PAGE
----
• NHS will go through quick checklist. This is to see whether it feels a full assessment is warranted. It needs the consent of the person needing care or the person holding Power of Attorney (or the executor of their estate). Here's the full checklist, which shows what it's after.

    Hopefully it will then refer you for a full assessment - see step 2.

  • If you are refused a full assessment at this stage... the NHS staff should record the reasons for it, and give you a copy of the completed checklist - both of which can help if you appeal.

    You can ask the Primary Care Trust to reconsider and submit more evidence if you think it will help. If it still refuses, and you aren't satisfied, you've a right to make an official NHS complaint.

    The link contains all the details you need, and info on people who can help.

STEP 2: A full assessment will be done

If the NHS checklist shows further assessment is needed, the PCT then take a comprehensive look at the person's physical, mental and emotional needs. This will require contributions from everyone involved in the care, though it's unlikely you will have to submit your own evidence.

From October 2007, the criteria used should be the same wherever you live in England. The assessment is based on the NHS's drily-named and very complex Decision Support Checklist (its useful to scan through it to get a feel for the criteria - but don't be scared off it's too complex).

This review should take a maximum of 28 days, at which point you'll be given a yes or a no from the PCT.

Potential health needs are broken into 12 categories, then they are ranked based on their severity. It's up to you to judge which of these apply, and how important they are in terms of contributing to the overall need for care. Find out more about the criteria

For care costs between April 2004 and October 2007, cases were decided on different criteria depending where you lived in England - and the assessment and reclaim will be based on those. To see the criteria that should have been used, speak to your local Primary Care Trust.

If the full assessment rejects you... jump to step 3

If the claim is successful... the NHS should pay for all nursing and accommodation costs incurred during the period you were assessed for (since April 2004).

If you or family were wrongly shelling out for care, you should be put back in the financial position you would have been if the correct decision about eligibility had been made at the outset.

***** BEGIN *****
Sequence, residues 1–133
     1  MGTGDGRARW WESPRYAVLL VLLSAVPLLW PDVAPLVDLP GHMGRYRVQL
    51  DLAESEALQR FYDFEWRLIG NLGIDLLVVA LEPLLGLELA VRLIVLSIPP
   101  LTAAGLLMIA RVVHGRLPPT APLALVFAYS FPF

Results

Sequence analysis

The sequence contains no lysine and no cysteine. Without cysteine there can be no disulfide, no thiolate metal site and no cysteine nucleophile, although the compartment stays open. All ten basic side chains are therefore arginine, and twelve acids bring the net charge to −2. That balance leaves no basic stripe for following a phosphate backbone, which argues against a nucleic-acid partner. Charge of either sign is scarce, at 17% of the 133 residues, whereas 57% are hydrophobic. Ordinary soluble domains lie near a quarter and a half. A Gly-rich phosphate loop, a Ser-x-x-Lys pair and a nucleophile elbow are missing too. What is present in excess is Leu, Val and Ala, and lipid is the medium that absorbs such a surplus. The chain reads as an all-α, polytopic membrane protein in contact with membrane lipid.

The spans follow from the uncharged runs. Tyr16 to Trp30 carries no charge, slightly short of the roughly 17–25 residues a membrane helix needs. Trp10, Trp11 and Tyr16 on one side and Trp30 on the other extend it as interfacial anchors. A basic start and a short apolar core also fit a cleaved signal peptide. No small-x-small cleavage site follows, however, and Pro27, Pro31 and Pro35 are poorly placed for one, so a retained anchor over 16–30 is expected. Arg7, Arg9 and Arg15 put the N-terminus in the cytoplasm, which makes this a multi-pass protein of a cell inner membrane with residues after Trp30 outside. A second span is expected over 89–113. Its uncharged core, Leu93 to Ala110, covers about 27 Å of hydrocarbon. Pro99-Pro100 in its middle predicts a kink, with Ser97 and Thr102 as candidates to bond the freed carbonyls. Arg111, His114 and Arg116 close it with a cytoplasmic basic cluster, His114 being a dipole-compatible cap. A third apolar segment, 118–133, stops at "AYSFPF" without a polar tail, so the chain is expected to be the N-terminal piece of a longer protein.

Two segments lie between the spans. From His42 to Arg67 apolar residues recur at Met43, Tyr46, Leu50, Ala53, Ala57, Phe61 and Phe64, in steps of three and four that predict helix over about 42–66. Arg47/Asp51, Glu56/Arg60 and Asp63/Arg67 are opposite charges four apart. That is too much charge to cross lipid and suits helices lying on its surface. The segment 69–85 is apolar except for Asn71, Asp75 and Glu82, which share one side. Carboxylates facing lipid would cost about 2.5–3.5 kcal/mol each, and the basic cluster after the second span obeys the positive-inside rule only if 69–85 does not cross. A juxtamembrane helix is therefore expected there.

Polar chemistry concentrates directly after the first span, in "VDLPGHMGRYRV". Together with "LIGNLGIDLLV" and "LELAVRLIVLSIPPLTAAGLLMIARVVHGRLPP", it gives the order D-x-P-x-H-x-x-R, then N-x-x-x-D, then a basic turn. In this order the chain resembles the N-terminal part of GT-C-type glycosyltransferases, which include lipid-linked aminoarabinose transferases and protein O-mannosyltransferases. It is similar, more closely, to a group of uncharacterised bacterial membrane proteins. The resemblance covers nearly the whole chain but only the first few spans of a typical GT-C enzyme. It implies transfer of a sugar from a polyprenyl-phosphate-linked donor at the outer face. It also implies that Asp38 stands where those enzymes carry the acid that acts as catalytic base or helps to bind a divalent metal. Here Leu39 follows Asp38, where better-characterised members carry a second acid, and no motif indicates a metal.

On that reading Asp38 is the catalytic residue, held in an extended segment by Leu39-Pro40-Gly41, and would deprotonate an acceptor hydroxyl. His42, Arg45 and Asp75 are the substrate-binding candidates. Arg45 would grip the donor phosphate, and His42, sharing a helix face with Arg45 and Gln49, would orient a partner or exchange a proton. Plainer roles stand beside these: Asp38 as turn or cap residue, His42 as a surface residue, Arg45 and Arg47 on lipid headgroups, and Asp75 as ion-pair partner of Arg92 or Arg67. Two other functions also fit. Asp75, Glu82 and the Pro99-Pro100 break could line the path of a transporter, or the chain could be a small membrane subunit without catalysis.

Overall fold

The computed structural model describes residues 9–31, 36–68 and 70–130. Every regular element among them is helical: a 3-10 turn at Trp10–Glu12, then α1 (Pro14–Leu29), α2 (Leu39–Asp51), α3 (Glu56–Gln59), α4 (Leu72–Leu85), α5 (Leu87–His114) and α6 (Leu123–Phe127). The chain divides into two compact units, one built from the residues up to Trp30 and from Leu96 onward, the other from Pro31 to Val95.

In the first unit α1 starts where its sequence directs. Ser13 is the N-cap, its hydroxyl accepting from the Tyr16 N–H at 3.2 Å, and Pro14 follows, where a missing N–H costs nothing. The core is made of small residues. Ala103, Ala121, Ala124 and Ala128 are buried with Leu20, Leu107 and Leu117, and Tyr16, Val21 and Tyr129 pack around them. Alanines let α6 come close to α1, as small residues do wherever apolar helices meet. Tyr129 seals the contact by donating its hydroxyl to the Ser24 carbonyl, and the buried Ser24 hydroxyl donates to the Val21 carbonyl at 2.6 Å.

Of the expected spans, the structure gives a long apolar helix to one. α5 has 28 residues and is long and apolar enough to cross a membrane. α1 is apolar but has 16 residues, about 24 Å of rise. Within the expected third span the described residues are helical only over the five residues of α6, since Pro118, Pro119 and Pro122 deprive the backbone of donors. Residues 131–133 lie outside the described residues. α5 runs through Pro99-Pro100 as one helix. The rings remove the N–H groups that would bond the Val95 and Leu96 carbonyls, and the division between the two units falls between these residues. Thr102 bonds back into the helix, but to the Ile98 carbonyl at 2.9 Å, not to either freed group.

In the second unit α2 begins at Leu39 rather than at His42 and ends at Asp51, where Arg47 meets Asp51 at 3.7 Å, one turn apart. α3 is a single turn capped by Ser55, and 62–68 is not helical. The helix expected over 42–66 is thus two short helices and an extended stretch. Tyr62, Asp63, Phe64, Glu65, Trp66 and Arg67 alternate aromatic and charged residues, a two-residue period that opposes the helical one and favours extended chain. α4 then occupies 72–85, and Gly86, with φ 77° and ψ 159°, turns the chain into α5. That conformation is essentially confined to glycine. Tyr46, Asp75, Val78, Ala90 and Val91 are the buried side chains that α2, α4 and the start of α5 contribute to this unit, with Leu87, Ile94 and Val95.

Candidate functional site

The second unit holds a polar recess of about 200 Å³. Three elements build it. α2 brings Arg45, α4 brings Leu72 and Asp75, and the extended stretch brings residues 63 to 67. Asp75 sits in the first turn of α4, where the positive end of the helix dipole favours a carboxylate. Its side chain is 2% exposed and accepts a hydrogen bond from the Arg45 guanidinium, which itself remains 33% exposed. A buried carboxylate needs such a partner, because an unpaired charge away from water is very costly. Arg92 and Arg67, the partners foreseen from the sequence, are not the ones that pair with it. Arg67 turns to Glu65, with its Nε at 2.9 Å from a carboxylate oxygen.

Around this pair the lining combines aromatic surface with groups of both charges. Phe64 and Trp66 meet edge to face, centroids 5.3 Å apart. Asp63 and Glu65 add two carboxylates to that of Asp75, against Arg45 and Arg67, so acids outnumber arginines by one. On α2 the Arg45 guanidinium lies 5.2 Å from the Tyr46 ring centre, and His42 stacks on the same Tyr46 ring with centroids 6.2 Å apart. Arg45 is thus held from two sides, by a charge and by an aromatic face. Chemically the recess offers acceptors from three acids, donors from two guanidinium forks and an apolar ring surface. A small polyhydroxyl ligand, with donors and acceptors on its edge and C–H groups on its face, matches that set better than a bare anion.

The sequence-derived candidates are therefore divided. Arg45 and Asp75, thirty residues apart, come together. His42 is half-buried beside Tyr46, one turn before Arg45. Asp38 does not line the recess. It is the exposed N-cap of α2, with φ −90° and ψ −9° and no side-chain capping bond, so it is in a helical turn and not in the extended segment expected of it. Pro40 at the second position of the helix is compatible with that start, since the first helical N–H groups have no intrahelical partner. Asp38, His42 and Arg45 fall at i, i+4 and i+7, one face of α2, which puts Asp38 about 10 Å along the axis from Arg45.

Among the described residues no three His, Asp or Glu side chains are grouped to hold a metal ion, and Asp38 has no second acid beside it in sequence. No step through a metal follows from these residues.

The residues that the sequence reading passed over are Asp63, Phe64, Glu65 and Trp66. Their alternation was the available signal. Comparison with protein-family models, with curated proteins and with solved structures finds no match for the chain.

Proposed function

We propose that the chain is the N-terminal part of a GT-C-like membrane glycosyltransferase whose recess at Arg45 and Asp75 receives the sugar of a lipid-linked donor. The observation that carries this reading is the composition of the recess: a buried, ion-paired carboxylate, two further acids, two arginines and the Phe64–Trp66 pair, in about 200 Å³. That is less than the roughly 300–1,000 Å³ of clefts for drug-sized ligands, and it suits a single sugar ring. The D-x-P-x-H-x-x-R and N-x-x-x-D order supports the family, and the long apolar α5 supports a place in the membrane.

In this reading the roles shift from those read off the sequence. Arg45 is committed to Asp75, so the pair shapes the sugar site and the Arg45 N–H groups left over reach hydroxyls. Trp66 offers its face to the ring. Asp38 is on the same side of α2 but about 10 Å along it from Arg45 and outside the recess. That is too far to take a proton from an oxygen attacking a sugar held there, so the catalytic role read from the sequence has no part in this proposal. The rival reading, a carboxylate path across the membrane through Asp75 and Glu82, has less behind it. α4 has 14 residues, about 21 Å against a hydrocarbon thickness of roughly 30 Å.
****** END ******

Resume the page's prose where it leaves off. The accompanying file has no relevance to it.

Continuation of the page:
There have been big cases where this amounts to over £100,000. If you were paying money to your local authority, it will refund you. If the costs were being paid directly to a care home, then the Primary Care Trust responsible should give you that money back.

STEP 3: Rejected and feel it's wrong?

If you were rejected after the full assessment, you need to stop and reflect whether it is appropriate to continue, and if you truly have a strong case that their 'primary need' is health-related.

If you do want to carry on, there are set review procedures to go through. However, it will take time and a good deal of work. The key at this stage is to work out whether you believe the criteria are met in your case. Go through the following, and take your time to decide:

Speak to these helpful groups

  • NHS Patient and Liaision Service - find nearest

  • Age UK Information & Advice: 0800 169 6565

Read these documents in full (they're long but worth it)

If you want to continue, it's time to start the next level of review stages:

Challenge the Primary Care Trust's decision

You'll need to gather evidence of why you believe your case was incorrectly turned down and send it to the Primary Care Trust. It's important to understand this means you believe the laid down criteria weren't correctly applied - not that the criteria themselves aren't fair.

Access to the official medical notes should help to supplement notes that you or a carer kept regarding the patient's condition. You can request these from the hospital and GP's surgery - or may want to visit in person to ensure you see everything. if you encounter problems, remind them you have a right under the Access to Medical Records Act 1988.

Use the template letter below, created by the Alzheimer's Society, which includes its top tips to prepare your case and obtain the most useful evidence. Massive thanks to them for this.